The cast of Hannibal flew in to Pasadena Sunday morning and brought along showrunner Bryan Fuller to promote the second season of the show, which begins February 28 on NBC. (Yes, that’s a Friday, a tacit acknowledgement from NBC that the show will be low-rated but could hang on for several years if it clears a certain threshold on that night—or on that night plus DVR numbers from later.) Somewhat cheekily, the session was scheduled for over breakfast, ostensibly because it was the only time all four main cast members (Hugh Dancy, Mads Mikkelsen, Caroline Dhavernas, and Laurence Fishburne) could be available for a panel at the same time, but no one involved—reporters and panelists alike—was above the obvious jokes about eating a meal while discussing a show about a cannibal. “The sausage is people!” cried Fuller, setting the tone for the day.
Those of us in the room had seen the first two episodes (which tell one story), so discussion necessarily involved plot points from those hours. I’ll try to keep this spoiler light, but if you don’t want to know anything about the upcoming season, the combination of this article and the trailer NBC sent out could spoil some pretty major things. So either don’t read beyond this point or don’t watch that (or both). For the rest of you, please, we’ve all seen Silence Of The Lambs. We know where this is headed.
Much of the talk revolved around the sequence that opens the season premiere, which I’ll try to talk around a bit (though, again, if you watch the trailer, you’ll know what it is instantly). The sequence, which is between Fishburne and Mikkelsen, took around 20 hours to shoot. Fishburne opined that in a film, it might have taken two weeks, but on television, there’s no such luxury. Still, it looks terrific, and Fuller’s instinct to lead off the season with it—to give some sense of “instant gratification”—looks like a smart choice, given the sense of pace and inevitability it gives to the whole season.
Other teases for the season to come involved the “cases of the week” taking up more time in given episodes, with the stretch of episodes between four and seven in particular telling one big story this season. (In that story, things are going to get very bad for a bunch of characters, and Dancy earlier said of the misery Will will endure this season that “This season it’s even worse, so I’ve been very happy.”) Also in terms of structure, the season is broken roughly into two chapters, the first taking up the first seven episodes and the second taking up the last six. Fuller also situated the premiere as sort of “episode 14” of season one, finishing out some of the story beats from that season. The first killer of the week—whose story plays across the first two episodes—is meant to deliberately evoke what Hannibal is doing to the other characters on the show. Finally, this season’s guest stars will include Amanda Plummer (as someone who will make viewers think twice about getting acupuncture, apparently), Jeremy Davies, and Jonathan Tucker, as well as returning players like Gillian Anderson and Raul Esparza.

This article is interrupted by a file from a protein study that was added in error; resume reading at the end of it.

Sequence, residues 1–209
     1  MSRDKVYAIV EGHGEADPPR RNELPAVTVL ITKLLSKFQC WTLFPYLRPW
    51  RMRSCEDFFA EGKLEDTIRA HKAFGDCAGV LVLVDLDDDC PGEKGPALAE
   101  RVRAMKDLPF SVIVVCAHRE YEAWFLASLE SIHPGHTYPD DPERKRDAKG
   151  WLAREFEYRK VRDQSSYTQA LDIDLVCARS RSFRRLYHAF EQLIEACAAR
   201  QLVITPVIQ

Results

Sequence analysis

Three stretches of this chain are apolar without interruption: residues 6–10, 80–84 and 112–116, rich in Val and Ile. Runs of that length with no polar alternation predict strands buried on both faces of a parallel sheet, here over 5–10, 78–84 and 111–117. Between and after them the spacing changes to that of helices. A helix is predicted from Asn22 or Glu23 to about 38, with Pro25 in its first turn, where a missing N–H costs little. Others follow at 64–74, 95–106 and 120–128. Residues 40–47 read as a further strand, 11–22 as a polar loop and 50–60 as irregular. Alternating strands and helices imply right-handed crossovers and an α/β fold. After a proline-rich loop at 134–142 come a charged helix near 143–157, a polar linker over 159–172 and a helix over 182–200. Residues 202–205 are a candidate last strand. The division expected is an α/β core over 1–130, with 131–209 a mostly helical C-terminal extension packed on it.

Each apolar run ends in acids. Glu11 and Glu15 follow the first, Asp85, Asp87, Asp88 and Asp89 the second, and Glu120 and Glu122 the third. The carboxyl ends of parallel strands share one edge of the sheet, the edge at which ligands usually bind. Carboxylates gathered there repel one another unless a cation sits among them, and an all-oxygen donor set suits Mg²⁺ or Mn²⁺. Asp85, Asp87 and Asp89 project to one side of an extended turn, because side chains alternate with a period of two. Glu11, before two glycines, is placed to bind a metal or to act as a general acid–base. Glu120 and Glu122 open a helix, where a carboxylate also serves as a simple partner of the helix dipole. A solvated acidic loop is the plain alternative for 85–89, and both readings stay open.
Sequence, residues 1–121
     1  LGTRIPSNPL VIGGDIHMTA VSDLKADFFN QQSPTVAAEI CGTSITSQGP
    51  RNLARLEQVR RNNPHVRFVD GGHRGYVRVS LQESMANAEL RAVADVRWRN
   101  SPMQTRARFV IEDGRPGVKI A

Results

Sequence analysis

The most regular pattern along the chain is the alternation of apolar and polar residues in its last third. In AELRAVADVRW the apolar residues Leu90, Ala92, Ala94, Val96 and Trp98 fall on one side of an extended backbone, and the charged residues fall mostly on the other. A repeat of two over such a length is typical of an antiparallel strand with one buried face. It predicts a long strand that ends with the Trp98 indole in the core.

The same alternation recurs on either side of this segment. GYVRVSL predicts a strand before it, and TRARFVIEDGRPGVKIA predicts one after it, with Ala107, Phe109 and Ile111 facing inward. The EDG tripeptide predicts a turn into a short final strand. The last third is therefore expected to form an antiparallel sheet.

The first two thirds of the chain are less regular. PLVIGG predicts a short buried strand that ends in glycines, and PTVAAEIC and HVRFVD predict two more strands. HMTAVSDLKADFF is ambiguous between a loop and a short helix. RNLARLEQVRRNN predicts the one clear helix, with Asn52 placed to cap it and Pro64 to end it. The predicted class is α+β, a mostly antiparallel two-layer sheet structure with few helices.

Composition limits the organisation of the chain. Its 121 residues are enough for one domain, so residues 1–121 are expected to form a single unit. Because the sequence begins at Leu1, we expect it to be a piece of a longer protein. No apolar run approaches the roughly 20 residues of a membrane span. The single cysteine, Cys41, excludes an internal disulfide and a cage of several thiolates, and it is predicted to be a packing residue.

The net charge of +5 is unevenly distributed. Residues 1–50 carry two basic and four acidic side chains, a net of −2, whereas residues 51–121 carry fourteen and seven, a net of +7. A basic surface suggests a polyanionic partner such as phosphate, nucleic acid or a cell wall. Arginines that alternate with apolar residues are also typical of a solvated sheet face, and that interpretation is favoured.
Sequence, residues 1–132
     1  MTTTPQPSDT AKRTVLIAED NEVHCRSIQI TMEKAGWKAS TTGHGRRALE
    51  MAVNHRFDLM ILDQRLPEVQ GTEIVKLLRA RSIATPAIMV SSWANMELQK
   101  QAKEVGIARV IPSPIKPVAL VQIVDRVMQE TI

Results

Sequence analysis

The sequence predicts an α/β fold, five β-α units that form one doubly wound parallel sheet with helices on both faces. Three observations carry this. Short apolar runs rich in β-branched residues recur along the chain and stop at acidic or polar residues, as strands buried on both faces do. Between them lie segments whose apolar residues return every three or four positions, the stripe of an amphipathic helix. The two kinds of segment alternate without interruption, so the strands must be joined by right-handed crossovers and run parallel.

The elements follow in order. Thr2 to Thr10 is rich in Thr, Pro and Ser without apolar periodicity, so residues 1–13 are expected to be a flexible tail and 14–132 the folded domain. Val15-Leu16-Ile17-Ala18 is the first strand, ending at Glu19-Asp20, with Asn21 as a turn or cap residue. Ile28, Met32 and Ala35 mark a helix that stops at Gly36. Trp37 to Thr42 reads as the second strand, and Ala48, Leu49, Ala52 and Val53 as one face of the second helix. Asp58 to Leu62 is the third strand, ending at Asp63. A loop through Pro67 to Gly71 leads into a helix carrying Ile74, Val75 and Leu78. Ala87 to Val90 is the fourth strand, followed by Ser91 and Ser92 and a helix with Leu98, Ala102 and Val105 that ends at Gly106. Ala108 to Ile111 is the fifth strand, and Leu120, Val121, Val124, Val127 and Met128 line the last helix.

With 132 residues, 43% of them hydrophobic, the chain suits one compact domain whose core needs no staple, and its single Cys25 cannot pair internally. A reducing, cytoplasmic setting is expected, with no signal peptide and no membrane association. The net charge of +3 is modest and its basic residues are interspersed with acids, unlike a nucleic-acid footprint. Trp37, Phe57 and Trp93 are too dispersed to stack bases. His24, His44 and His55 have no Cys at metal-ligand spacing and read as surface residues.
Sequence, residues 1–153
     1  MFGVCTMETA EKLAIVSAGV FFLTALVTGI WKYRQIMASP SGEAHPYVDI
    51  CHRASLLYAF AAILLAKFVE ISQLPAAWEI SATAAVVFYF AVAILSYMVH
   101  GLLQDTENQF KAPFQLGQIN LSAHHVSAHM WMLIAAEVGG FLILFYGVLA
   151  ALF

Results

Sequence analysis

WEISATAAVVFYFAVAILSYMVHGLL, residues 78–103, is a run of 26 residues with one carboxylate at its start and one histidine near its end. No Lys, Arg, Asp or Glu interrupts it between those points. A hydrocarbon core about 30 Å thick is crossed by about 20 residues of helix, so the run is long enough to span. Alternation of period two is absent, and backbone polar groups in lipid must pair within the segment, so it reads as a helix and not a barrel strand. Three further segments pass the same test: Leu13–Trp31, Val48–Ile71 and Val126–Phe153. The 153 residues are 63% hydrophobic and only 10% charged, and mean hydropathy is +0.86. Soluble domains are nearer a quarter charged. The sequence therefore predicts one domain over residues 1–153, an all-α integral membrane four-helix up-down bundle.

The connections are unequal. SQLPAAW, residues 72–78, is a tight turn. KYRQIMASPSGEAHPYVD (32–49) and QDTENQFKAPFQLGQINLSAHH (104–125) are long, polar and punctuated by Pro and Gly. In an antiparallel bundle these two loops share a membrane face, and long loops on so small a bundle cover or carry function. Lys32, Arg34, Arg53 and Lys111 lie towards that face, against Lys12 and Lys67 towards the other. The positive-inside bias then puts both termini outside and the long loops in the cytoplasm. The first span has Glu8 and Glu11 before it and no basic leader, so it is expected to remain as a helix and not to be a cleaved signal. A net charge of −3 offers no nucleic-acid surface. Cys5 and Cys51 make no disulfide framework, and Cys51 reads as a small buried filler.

Also, Fuller teased that there would be “more kissing” this year, though not always between the people who should be kissing, said Mikkelsen. (Tumblr, start your engines.)
There was also plenty of talk about less spoilery things from the show, particularly concerning the show’s haunting imagery and the over-the-top nature of its crimes. (Hannibal tends to be a somewhat polarizing show within the TV critic community, but those of us who like it really like it, and the morning’s session reflected that.) Fuller reiterated that he keeps the crimes over-the-top because the purple, operatic nature of the imagery allows for the show to keep one foot in fantasy and lets him continue working on a series that plumbs the depths of humanity’s inhumanity. He also spoke of the feathered stag and several other hallucinations that pop up in the first two episodes as being a stepping stone for the show toward the Francis Dolarhyde character from Red Dragon, whose hallucinations are truly baroque and would be hard to simply drop the audience into the middle of without some preparation. (Fuller continues to refer to the first three seasons of Hannibal as three “lost novels” leading up to the three Hannibal novels that already exist. Presumably, Hannibal Rising will never be adapted by this show, nor should it be.) Finally, in the very last question of the panel, Fuller admitted he hasn’t seen True Detective—which also uses antlers in its grotesque crimes—but he said that he thought the use of antlers in crime scenes stems from James Mason killing someone by impaling them on antlers in the miniseries version of Salem’s Lot back in the ‘70s, which sounds about as reasonable an explanation as anything we can think of.
One thing is clear, though: Hannibal is launching its second season at a gallop, building and improving upon everything that the show did in season one and growing its case for being one of the best shows on TV. The first two episodes are thrilling, thoughtful, and darkly mesmerizing, and the panel did nothing but suggest that everyone involved knows exactly where they’re going with this story.
Here is a trailer. It’s spoiler-y, sort of. But it’s pretty amazing, too.